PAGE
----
Luckily, I’m skilled in enjoying things to their fullest despite finding problematic aspects to them!
A painting I made of Cinna from The Hunger Games, based off Lenny Kravitz on screen performance. We all know his casting and Rue’s stormed up a racist shitfest. This is a submission for Fanart Friday. :)
CC: FANART FRIDAY
Just gonna add your url here so you can get proper credit you know?
This was sent to us by WillyNillyLily and it’s beautiful!
Katniss & Peeta from the Hunger Games series (click to make big).
I drew this to purge the HG movie from my mind! Screw that thing!
But the decision to alter the storyline with Peeta’s leg really troubles me because of what it symbolises. Peeta becomes a prominently disabled character in the series, and his disability becomes part of his experiences. At the same time though, he’s not defined by the disability, consumed by it, and placed in the narrative for the sole purpose of constantly reminding everyone that he’s disabled. Peeta, like other characters, is scarred by the world he lives in, and he bears a visible mark of the cruelty and brutality of Panem, but more importantly, he’s another person trying to survive and build a better world. By neatly cutting that entire plotline away, the filmmakers avoided some tangled and thorny issues.
Like the fact that Peeta is supposed to be a love interest. I can’t help but feel one of the reasons the amputation storyline was taken out was because the filmmakers don’t think amputees can be love interests, or think that the reality of the amputation might be offputting to audiences who wouldn’t be able to identify with the characters if Katniss fell in love with a disabled Peeta, because that sort of thing Isn’t Done. Furthermore, obviously no amputees engage with media and pop culture and certainly don’t want to see versions of themselves on screen, so that angle didn’t need to be considered when preparing the film adaptation.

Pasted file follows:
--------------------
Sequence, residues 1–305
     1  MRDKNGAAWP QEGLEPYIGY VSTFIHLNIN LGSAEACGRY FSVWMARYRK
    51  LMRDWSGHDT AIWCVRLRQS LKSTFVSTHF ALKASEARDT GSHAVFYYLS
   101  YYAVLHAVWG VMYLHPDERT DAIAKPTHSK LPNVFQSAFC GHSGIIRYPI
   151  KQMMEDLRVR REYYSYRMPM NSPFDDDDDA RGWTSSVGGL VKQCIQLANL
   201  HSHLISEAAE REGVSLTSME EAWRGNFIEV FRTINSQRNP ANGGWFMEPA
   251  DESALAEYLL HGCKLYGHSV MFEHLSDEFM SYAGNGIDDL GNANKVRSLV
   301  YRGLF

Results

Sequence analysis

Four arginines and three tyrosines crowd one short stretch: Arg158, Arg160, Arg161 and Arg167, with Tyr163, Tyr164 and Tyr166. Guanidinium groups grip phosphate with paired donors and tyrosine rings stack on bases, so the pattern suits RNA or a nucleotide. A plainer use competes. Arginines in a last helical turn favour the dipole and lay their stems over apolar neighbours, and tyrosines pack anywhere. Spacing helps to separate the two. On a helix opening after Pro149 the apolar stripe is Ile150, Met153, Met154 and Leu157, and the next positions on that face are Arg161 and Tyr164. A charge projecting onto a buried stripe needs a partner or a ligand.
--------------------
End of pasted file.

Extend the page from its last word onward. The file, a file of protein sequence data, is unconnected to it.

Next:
They probably also feared the idea of a character who happens to be disabled; they couldn’t let him get fitted for a prosthesis and get on with his life. They would have felt compelled to wrap up some kind of special story in it, even though that’s not necessary. Riding right over that storyline can be justified by saying they don’t have time to do it, with all the other things that need to be included. Just like they didn’t have time to view actresses of colour and nonwhite actresses while they were making decisions about the casting of Katniss. Making movies is very busy work, people.
And, of course, Peeta doesn’t comply with narratives above disability. His withdrawal and depression at the beginning of the second book are more about his emotional state over Katniss, rather than his leg. As a character, he’s physically active as well as politically defiant, once he begins to grow into himself. This isn’t what amputees are ‘supposed’ to do in pop culture, and thus it’s a narrative that makes people uncomfortable, and one that the filmmakers evidently simply didn’t want to deal with.
I could be wrong; perhaps in the next film we will learn that infection set in and they took the leg. But I doubt it, highly, because this doesn’t seem to be in character with way Hollywood works, where disability is erased when it doesn’t serve a greater narrative or actively defies tropes. Peeta cannot be allowed to be disabled."
Finnick?” I say. “Maybe some pants?”
He looks down at his legs as if noticing his outfit for the first time. Then he whips off his hospital gown, leaving him in just his underwear. “Why? Do you find this” - he strikes a ridiculously provocative pose- “distracting?
Mockingjay by Suzanne Collins
This sounds so wrong out of context.